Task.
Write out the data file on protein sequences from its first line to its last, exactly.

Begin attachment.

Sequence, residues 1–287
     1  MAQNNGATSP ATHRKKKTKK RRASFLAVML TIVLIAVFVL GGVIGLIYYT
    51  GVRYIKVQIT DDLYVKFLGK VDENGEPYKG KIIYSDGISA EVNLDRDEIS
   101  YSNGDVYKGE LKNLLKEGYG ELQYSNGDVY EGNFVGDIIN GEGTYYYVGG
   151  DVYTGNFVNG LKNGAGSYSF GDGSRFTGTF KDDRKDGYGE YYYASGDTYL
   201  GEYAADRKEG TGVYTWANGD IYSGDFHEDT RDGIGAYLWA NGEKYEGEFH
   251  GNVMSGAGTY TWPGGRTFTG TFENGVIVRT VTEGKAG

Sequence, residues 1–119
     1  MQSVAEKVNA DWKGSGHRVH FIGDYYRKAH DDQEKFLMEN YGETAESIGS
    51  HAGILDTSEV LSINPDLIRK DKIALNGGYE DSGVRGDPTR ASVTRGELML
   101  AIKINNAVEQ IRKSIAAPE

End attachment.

Sequence, residues 1–287
     1  MAQNNGATSP ATHRKKKTKK RRASFLAVML TIVLIAVFVL GGVIGLIYYT
    51  GVRYIKVQIT DDLYVKFLGK VDENGEPYKG KIIYSDGISA EVNLDRDEIS
   101  YSNGDVYKGE LKNLLKEGYG ELQYSNGDVY EGNFVGDIIN GEGTYYYVGG
   151  DVYTGNFVNG LKNGAGSYSF GDGSRFTGTF KDDRKDGYGE YYYASGDTYL
   201  GEYAADRKEG TGVYTWANGD IYSGDFHEDT RDGIGAYLWA NGEKYEGEFH
   251  GNVMSGAGTY TWPGGRTFTG TFENGVIVRT VTEGKAG

Sequence, residues 1–119
     1  MQSVAEKVNA DWKGSGHRVH FIGDYYRKAH DDQEKFLMEN YGETAESIGS
    51  HAGILDTSEV LSINPDLIRK DKIALNGGYE DSGVRGDPTR ASVTRGELML
   101  AIKINNAVEQ IRKSIAAPE